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Findings Series 3 - Participation in spiritual and related activity

Date: May 2007
Category: Briefing Paper
Author: GCPH

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This paper explores emergent forms of participation in relation to spiritual and related activity in order to assess the similarities and differences between traditional spiritual activity.

The exploratory research project sought to investigate whether, rather than a decline in social capital generation per se, there may be a change occurring in the places and activities that generate social capital and, if so, whether these new forms of social capital generation are more suited to current society than more traditional forms (such as traditional churches, the nuclear family and communities based around large industrial workplaces).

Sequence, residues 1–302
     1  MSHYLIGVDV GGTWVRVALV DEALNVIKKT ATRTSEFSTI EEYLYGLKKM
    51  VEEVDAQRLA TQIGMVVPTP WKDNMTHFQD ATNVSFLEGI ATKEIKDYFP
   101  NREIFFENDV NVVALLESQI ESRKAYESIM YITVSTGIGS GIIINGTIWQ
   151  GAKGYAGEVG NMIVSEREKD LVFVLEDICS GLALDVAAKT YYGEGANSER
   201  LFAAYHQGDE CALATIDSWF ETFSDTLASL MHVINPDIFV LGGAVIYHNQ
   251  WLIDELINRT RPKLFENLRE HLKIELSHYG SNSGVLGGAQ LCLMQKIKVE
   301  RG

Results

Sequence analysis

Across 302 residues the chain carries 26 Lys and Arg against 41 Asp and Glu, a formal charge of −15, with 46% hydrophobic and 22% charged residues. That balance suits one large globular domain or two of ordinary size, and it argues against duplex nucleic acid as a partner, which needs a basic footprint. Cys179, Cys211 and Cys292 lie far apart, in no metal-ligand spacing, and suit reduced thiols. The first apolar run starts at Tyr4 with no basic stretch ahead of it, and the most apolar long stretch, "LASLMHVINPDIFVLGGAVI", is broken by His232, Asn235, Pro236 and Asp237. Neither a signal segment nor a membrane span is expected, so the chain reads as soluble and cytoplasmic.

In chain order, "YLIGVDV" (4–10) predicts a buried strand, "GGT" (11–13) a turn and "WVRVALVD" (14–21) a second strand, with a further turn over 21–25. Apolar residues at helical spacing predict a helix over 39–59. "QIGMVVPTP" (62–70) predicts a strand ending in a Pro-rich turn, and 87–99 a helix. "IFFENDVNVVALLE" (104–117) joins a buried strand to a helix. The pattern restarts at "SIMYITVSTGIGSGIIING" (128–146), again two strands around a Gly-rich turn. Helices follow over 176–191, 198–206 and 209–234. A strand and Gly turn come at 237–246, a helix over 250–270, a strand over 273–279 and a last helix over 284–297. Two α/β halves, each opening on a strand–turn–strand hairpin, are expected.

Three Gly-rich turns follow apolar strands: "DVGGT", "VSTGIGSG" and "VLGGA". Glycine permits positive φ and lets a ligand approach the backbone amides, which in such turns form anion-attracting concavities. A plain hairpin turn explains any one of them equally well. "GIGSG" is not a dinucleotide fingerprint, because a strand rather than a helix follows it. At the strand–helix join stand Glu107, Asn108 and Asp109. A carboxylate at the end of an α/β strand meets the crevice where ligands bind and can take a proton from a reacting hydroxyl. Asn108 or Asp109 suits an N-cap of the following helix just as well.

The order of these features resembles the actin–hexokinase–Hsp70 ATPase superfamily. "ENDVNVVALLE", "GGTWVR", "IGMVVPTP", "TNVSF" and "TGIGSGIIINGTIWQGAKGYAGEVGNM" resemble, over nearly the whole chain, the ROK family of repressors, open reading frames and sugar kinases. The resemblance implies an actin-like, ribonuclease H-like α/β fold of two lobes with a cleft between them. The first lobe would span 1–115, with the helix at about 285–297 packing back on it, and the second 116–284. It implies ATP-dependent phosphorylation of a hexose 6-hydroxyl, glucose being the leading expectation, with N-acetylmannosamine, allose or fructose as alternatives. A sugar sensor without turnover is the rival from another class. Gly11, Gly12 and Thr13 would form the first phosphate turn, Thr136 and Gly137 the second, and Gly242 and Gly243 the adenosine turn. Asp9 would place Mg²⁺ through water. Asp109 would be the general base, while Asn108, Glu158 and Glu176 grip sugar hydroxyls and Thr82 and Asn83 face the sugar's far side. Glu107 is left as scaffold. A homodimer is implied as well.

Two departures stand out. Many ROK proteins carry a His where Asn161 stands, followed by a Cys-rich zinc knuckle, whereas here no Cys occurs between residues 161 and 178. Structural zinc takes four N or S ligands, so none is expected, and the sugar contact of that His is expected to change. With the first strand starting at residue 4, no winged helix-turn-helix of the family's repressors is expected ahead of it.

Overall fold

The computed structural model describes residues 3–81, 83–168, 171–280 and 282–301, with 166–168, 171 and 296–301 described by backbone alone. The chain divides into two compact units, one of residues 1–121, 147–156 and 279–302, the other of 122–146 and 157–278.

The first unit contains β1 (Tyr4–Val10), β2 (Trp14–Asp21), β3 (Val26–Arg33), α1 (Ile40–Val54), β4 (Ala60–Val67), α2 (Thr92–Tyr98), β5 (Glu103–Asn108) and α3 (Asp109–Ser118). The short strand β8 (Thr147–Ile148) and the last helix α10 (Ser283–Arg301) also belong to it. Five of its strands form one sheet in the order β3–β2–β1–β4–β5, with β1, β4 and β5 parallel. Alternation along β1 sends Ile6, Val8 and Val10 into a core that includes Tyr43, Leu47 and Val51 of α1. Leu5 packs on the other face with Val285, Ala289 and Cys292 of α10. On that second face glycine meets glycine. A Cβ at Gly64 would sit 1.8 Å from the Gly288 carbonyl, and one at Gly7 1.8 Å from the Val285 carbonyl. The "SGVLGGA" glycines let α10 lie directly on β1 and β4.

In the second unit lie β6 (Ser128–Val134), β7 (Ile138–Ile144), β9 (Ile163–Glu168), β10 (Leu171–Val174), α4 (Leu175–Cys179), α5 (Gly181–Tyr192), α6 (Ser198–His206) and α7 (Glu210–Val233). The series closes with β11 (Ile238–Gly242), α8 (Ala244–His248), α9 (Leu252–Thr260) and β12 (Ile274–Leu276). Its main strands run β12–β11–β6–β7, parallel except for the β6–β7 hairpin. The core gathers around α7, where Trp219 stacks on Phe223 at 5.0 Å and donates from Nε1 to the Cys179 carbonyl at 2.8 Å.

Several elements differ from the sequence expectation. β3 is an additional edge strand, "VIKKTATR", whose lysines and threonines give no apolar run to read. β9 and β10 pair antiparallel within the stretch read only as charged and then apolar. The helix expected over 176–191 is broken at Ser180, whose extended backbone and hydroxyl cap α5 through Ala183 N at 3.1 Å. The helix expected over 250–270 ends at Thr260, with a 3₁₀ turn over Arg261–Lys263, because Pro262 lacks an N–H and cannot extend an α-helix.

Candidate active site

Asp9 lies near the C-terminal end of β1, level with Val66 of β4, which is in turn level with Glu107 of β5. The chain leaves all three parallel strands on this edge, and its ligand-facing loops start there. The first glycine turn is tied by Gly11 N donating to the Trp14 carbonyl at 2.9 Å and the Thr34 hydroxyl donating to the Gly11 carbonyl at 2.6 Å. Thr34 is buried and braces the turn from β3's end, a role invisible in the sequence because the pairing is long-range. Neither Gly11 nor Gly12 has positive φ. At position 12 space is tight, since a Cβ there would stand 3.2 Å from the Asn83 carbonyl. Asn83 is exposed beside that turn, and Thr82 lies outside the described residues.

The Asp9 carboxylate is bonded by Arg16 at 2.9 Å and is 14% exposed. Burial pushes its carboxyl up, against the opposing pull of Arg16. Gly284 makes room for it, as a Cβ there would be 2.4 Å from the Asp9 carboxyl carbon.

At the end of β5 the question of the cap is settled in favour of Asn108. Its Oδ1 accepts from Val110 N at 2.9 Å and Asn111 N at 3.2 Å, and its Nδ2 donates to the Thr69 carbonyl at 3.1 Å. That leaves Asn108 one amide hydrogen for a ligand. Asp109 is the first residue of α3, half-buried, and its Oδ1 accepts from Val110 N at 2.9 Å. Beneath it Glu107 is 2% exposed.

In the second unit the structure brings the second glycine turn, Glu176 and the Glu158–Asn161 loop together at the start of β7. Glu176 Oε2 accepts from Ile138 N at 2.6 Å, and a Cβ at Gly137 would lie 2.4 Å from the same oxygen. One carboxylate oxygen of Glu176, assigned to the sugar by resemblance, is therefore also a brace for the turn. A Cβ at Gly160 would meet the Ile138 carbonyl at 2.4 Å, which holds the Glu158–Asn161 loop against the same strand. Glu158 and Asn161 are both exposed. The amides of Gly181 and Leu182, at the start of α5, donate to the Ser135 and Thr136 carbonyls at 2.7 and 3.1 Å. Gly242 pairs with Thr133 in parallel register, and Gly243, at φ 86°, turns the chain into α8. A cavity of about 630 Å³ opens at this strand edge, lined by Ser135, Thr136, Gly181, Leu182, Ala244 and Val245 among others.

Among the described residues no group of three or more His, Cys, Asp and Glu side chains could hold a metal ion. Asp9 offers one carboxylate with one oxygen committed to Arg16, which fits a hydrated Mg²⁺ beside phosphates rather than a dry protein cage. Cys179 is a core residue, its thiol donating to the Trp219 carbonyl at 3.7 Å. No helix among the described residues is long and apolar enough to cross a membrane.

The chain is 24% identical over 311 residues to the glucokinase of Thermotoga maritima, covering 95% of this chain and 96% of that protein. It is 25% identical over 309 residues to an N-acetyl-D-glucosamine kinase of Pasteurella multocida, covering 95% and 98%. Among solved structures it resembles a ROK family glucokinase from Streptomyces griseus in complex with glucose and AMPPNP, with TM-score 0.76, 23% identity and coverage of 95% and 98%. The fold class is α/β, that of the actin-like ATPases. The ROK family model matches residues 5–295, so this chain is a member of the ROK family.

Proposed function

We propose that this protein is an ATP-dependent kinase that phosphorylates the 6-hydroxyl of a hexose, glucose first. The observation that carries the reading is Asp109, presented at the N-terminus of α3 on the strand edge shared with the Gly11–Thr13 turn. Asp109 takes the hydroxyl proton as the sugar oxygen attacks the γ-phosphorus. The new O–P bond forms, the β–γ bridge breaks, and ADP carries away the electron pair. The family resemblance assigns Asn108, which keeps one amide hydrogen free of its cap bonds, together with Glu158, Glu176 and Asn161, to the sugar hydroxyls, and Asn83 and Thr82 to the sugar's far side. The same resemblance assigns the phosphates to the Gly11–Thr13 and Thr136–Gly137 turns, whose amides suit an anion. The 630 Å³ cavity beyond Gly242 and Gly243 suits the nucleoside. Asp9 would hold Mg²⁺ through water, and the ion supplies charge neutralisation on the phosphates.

Key findings of this paper are:

  • New forms of spiritual practice, while promoting health and wellbeing for individuals involved, are not yet at a stage at which they generate community level benefits. 
  • New forms of spiritual practice are successful in simultaneously satisfying a need for deeper engagement with spiritual issues alongside a desire to maintain personal autonomy and be an author of one’s own belief.
  • Existing successful forms of informal voluntary activity should be recognised rather than seeking to create new structures for participation.

A detailed study and assessment of the social capital framework in Glasgow was carried out by FMR Research in 2006. It is referenced in this briefing paper and is available to download here.